Accommodations of all sizes, and eras
In Korea, there is a common saying that is frequently mentioned during summer vacation season: “Before choosing your vacation destination, choose where you are going to sleep first.” In a heavily populated country like Korea, finding a place, especially reasonably priced accommodations, can prove quite difficult. In recent years, many Koreans have looked toward alternative lodging facilities during summer vacation in order to escape the crowds and enjoy their time off in a unique setting. Ever since temple stay programs took off 10 years ago, vacationing in a scenic temple has been a popular getaway along with hanok, or traditional Korean housing, stays. While the cost of luxury hotels are at their peak this time of year, the Benikea chain hotels and Good Stay lodging, both affiliated with the Korea Tourism Organization, provide affordable stays with clean, modern rooms. The JoongAng Ilbo, along with recommendations by lodging experts including the Korea Tourism Organization, put together a list of the best alternative lodging facilities in Korea.
By Lee Suk-hee [email@example.com]
For foreigners and Koreans alike, one lodging experience that is unique to Korea is the hanok stay, where visitors can spend a day inside a traditional Korean house. Although hanok housing can be rather cold during the winter season with a different heating system from modern Western housing, during the summer months, hanok can be one of the coolest places you can escape to. With wide wooden floors and screens made of hanji, or Korean mulberry paper, most hanoks don’t even need air conditioning installed during the summer.
Staying at a hanok can also be an educational experience. Most stays are located inside a hanok village, featuring a cluster of traditional housing that have been kept for generations. Many offer
interactive programs including small tours of the particular clan the hanok belonged to.
Temple-stay programs in Korea started 10 years ago, around the time of the Korea-Japan FIFA World Cup in 2002. Since its inception, there have been over one million temple-stay participants from all over the world, according to the Korean Buddhist Culture Agency. The agency added that July and August are the most popular months for temple stays.
At the moment, there are around 100 temples in Korea that run temple-stay programs. When these programs first took off, “interactive programs,” in which visitors engaged in various activities inside the temple including 108 Buddhist bows, were popular.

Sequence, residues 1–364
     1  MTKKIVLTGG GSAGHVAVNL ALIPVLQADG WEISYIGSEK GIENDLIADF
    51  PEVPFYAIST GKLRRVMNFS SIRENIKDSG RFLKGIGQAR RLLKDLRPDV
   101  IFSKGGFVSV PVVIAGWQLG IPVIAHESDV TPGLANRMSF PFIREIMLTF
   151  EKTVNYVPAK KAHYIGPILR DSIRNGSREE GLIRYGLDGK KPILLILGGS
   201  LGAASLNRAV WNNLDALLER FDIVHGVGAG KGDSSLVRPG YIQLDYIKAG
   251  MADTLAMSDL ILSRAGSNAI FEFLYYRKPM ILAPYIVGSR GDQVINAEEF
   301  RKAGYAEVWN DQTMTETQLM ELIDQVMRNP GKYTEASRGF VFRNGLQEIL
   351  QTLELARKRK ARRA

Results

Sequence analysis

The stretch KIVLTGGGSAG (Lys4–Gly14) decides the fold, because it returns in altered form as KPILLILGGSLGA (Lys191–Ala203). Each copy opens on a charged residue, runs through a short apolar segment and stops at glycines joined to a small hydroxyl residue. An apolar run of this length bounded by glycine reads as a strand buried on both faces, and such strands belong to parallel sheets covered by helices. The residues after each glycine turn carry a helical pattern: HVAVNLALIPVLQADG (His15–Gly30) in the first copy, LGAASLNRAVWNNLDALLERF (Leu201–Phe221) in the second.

Recently, “relaxation programs,” in which visitors just meditate alone, take a stroll or simply rest and rejuvenate, have become increasingly popular.
The Benikea hotel chain was developed by the Culture Ministry and the Korea Tourism Organization. It is the first tourist hotel chain of its kind that has government backing. The first Benikea hotel opened in September 2009 and at the moment, around 40 Benikea hotels welcome visitors. All the hotels are two- to three-star hotels and most are in famous tourist destinations outside of Seoul.
Each Benikea hotel goes through a strict evaluation process by the KTO before opening its doors to the public. The biggest advantage of these hotels is the price. For similar hotels in popular tourist destinations in Korea, one would need to pay around 150,000 won ($132) to 200,000 won for a standard room during peak summer season. However, Benikea hotels offer rooms at half these prices.
Like the Benikea hotels, Good Stay lodging facilities were also developed by the Culture Ministry and the KTO. As such, the Good Stay facilities also go through a thorough evaluation process to maintain standards.
Good Stay accommodations are similar to the Benikea hotels but more affordable and include motels and bed-and-breakfast stays.
There is no need to worry about rip-off prices due to Good Stay’s fixed room rates year-round. For example, one four-person room goes for 50,000 won to 100,000 won per night, depending on the location.